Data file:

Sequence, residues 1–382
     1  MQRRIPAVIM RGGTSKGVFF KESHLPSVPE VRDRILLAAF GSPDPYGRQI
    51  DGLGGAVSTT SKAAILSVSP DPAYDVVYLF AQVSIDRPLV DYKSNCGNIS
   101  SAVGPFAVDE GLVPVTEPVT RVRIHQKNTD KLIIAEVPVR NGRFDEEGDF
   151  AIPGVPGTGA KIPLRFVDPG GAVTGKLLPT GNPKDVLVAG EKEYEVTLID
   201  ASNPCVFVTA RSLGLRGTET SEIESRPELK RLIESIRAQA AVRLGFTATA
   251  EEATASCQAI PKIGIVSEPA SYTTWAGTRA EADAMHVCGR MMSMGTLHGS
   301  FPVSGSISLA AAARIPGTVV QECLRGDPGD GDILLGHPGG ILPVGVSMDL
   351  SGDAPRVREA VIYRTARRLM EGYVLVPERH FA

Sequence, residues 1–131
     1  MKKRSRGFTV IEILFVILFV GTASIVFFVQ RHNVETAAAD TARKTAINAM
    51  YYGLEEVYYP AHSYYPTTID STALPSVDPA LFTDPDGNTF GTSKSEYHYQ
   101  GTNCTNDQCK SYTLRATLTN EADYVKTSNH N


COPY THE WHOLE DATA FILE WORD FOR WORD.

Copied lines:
Sequence, residues 1–382
     1  MQRRIPAVIM RGGTSKGVFF KESHLPSVPE VRDRILLAAF GSPDPYGRQI
    51  DGLGGAVSTT SKAAILSVSP DPAYDVVYLF AQVSIDRPLV DYKSNCGNIS
   101  SAVGPFAVDE GLVPVTEPVT RVRIHQKNTD KLIIAEVPVR NGRFDEEGDF
   151  AIPGVPGTGA KIPLRFVDPG GAVTGKLLPT GNPKDVLVAG EKEYEVTLID
   201  ASNPCVFVTA RSLGLRGTET SEIESRPELK RLIESIRAQA AVRLGFTATA
   251  EEATASCQAI PKIGIVSEPA SYTTWAGTRA EADAMHVCGR MMSMGTLHGS
   301  FPVSGSISLA AAARIPGTVV QECLRGDPGD GDILLGHPGG ILPVGVSMDL
   351  SGDAPRVREA VIYRTARRLM EGYVLVPERH FA

Sequence, residues 1–131
     1  MKKRSRGFTV IEILFVILFV GTASIVFFVQ RHNVETAAAD TARKTAINAM
    51  YYGLEEVYYP AHSYYPTTID STALPSVDPA LFTDPDGNTF GTSKSEYHYQ
   101  GTNCTNDQCK SYTLRATLTN EADYVKTSNH N